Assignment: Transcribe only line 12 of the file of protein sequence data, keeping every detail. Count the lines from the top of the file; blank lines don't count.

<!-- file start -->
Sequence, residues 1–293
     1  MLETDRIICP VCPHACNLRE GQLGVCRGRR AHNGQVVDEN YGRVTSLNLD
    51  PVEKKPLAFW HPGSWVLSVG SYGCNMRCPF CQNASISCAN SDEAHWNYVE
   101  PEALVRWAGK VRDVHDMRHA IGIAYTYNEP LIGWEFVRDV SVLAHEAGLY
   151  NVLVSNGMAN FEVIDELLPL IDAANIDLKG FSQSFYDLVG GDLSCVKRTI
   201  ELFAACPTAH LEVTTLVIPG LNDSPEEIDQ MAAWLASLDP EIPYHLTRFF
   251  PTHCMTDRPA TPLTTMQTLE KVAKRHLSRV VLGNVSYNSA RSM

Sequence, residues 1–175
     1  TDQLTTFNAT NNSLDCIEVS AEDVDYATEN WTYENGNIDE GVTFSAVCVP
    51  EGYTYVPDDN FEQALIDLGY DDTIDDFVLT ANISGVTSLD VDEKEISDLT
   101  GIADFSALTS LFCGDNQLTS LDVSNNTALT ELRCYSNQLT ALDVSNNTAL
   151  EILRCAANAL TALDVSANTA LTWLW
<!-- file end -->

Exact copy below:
   151  EILRCAANAL TALDVSANTA LTWLW